This is a series of blog posts that shows you how to build a text editor in Rust. It’s a re-implementation of kilo in Rust, as outlined in this fantastic tutorial. Same as the original booklet, these blog posts guide you through all the steps to build a basic text editor,
You will almost always be able to see your changes in action by applying the changes, saving and running the program. I will explain every step along the way as best as I can - sometimes in great detail, and often linking to other pages. Feel free to skim over the prose and ignore the links, there is plenty to learn just by applying the code changes and watching your text editor grow!
That’s why I started to learn Rust, and I have reimplemented
kilo is complex enough to pose a challenge, and when I read it, I wished it was available for Rust - and now it is!
And why the name?
hecto follows more modest goals than
kilo. It does not aim to be small, and it wasn’t even my own idea - so it seemed appropriate to give it a more modest name than its spiritual precedessor.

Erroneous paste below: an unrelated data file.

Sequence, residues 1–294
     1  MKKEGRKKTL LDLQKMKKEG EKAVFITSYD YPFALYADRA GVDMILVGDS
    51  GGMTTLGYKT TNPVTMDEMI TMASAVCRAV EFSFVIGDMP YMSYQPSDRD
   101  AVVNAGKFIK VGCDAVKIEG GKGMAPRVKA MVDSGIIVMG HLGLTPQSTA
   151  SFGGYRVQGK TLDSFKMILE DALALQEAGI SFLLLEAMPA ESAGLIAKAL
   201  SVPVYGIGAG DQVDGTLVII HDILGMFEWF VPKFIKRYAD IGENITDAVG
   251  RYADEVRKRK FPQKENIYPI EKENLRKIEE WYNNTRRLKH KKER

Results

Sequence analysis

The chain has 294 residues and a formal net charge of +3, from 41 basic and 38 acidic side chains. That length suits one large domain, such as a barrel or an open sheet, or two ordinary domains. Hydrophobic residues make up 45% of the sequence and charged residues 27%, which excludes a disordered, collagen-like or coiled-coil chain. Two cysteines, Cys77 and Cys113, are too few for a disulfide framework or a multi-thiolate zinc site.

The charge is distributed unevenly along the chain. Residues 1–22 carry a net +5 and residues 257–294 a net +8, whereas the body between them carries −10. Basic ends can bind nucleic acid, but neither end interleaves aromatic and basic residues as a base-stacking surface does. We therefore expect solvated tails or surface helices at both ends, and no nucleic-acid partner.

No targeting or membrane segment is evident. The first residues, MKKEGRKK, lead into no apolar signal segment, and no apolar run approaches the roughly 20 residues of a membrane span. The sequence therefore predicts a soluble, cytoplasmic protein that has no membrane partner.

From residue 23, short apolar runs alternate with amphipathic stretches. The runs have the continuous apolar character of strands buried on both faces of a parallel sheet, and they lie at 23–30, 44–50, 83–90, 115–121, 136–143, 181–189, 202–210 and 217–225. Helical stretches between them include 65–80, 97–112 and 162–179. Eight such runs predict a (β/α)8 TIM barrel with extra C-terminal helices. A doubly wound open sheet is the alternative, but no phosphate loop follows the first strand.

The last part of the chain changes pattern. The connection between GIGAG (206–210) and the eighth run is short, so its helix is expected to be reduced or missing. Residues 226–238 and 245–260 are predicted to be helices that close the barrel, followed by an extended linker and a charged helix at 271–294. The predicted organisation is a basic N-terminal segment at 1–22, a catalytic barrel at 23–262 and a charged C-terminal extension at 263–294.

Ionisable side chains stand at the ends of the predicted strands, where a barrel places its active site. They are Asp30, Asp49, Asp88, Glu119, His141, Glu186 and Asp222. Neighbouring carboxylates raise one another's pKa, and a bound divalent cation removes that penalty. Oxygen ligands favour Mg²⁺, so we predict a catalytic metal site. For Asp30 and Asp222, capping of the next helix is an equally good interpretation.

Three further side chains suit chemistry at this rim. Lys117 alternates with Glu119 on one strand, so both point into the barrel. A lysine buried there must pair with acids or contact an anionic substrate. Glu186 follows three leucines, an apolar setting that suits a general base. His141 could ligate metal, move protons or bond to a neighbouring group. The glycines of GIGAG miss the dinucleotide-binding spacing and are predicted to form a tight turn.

kilowas distributed under the BSD-2 Clause License
- The original tutorial was distributed under CC BY 4.0
hectoand this tutorial are licensed under CC BY 4.0
Indication of Changes
While these blog posts are based firmly on the original tutorial, the code has been adapted to Rust, not only by calling the closest “rust counterpart function”, but by trying to solve things “the rust way”. Similarily, all explanations have been checked and revised, and in many cases heavily rewritten, in the context of Rust. Therefore, this tutorial should be seen as a “rust remix” of the original
I’m happy that you read my work and would love to hear from you - especially if you are either stuck or have found a better way to solve specific things. Keep in mind that this is mostly an exercise for me to get to know Rust - so if there’s a better way to do things, please reach out!
Table of Contents
- Reading User Input
- Raw User Input and Output
- A Text Viewer
- A Text Editor
- Syntax Highlighting